• Put yourself in their shoes.
  • Do not blame them for your problem.
  • Discuss each other's perceptions.
  • Make sure they fully participate in the process and as a result have a stake in the outcome.
  • Let people save face by making your proposals consistent with their values.

In dealing with this concept, you must recognize and understand emotions. This is not easy for many lawyers except perhaps in family law, as lawyers are trained to be "rational." It is important to acknowledge emotions as legitimate and allow the other side to let off steam. This means not reacting to emotional outbursts. This is easier said than done.

 

The key to success in negotiation and mediation as in any type of advocacy is persuasion through communication. Listening is not just sitting there; it is an active process and involves acknowledging what is being said by the other party. When we speak, we must do so in a way that helps understanding and remember to speak for a specific purpose not just to hear ourselves doing so.

 

It is not easy sometimes to build a working relationship with the other side but it is important if you want to deal with the problem.

 

Keep your focus on interests

 

Interests define the problem. Behind opposing positions are the potential for shared and compatible interests, as well as the obvious conflicting ones.

  • Realize that each side has multiple interests and acknowledge this.
  • Identify shared interests and focus on mutual options for gain.
  • The most powerful interests are basic human needs and wants.
  • How do you identify interests? Ask "why?" and/or "why not?"
  • Think about their choice.
  • Look forward not back.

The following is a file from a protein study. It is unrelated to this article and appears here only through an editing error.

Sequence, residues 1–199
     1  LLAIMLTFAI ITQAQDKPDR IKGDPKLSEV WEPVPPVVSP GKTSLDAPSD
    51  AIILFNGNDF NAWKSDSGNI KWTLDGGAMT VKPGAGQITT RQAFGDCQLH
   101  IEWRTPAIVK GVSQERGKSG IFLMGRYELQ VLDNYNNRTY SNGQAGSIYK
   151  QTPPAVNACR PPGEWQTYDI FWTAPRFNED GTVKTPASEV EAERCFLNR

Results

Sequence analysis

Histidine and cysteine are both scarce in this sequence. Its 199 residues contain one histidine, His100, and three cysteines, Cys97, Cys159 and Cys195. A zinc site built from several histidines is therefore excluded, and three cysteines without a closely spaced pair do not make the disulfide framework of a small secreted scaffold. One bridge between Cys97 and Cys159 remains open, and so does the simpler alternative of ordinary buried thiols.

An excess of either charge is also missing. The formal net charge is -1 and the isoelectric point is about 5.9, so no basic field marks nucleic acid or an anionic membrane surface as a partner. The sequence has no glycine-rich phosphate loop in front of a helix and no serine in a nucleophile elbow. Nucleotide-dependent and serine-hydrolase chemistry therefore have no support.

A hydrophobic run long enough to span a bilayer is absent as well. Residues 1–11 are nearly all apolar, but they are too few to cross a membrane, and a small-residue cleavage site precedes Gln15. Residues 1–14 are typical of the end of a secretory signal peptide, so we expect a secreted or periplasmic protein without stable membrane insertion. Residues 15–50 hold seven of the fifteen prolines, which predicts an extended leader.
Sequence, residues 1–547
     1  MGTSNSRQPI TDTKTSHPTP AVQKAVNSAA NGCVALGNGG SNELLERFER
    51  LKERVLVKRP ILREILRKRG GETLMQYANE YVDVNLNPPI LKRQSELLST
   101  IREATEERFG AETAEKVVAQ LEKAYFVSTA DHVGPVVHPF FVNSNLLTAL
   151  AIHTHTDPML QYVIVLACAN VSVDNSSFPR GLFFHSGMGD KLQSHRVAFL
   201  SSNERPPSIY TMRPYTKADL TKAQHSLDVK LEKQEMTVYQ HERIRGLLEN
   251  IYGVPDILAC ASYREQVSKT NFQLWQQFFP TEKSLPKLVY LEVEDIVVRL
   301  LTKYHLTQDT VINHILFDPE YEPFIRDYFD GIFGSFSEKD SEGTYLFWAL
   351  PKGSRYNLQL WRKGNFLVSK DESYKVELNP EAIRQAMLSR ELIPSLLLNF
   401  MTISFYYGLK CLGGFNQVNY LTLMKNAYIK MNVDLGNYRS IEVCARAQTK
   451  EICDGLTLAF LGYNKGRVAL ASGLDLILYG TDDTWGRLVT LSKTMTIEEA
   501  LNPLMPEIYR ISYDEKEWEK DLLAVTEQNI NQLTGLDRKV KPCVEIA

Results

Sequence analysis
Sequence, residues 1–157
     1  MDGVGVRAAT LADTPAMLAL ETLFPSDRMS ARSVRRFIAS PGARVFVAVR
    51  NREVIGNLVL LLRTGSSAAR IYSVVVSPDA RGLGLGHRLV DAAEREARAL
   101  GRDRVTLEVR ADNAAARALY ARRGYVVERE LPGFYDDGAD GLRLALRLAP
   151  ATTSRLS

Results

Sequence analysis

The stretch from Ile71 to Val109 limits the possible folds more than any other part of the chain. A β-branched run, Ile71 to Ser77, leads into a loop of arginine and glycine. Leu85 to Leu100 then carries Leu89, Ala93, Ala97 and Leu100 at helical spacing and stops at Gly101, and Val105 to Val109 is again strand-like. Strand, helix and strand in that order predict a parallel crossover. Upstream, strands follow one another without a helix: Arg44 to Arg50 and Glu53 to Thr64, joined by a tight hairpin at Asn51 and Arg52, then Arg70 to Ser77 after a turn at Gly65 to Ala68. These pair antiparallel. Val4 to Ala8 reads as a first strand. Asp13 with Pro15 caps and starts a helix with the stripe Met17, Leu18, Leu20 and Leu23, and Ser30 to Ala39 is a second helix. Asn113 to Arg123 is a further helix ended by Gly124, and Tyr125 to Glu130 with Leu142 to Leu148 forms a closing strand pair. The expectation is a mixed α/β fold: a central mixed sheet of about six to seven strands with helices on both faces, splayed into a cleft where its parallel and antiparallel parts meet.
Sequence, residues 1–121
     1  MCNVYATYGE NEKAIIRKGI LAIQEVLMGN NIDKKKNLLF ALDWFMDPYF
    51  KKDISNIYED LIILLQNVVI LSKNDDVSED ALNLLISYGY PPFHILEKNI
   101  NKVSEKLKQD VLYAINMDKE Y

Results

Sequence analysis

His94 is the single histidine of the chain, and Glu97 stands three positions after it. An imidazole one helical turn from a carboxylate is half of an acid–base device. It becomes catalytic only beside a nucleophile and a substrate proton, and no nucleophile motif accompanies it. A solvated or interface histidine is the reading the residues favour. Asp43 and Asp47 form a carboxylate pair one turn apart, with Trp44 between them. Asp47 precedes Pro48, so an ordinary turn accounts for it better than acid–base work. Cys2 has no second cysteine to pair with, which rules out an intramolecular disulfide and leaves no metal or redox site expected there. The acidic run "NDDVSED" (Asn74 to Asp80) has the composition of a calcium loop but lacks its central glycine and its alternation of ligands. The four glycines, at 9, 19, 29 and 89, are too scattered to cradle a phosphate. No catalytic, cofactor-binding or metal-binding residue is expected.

• Be firm but flexible.
Invent options for mutual gain - the "win-win" approach

 

Remember that in most cases there is more than one solution and that "win-win" means that both sides win, or at least do not lose, not that one side wins twice!

  • Solving their problem is your problem as well as theirs.
  • Separate inventing from deciding - brainstorm to broaden your options.
  • Identify shared interests and ask for their preferences.
  • Try to make their decision easy.
 Look for objective criteria
  • This is something lawyers are good at doing.
  • Look at how different experts, including the parties and the lawyers involved have dealt with similar problems in the past.
  • Look beyond the law for trade, business or other industry standards that apply to the negotiation or dispute
  • Try to agree on both sides retaining on expert.
Conclusion:   

 

This has been a very quick overview and I recommend that you read or re-read the book. Principled negotiation produces good agreements very efficiently as long as you use fair standards and fair procedures in the process.

 

You should never give in to unfair pressure and in many situations you may want to consider using a mediator to facilitate the process.

 

It is crucial that you prepare well and make sure you know both your "best alternative to a negotiated agreement" (BATNA) and your "worst alternative to a negotiated agreement" (WATNA) so you and your client understand what will happen if the negotiation fails.

 

If a win-win cannot be achieved, no deal may be the best result if you have planned out your alternatives. Do not be afraid to walk away from the table but do not threaten or bluff about doing so.

 

As you work on improving your negotiating skills, remember that it begins with preparation and includes a lot of listening instead of talking. If you can just do that, you will be a much better negotiator.

 

Blog Post of the Month

 

The Ground is Slowly Shifting, but are Lawyers moving with it fast enough? Published by Chris Whitelaw on September 20, 2011 in  Australian Dispute Resolvers: A National Blog Site 

 

The author, who has been a practicing lawyer for 30 years as well as a mediator and arbitrator comments: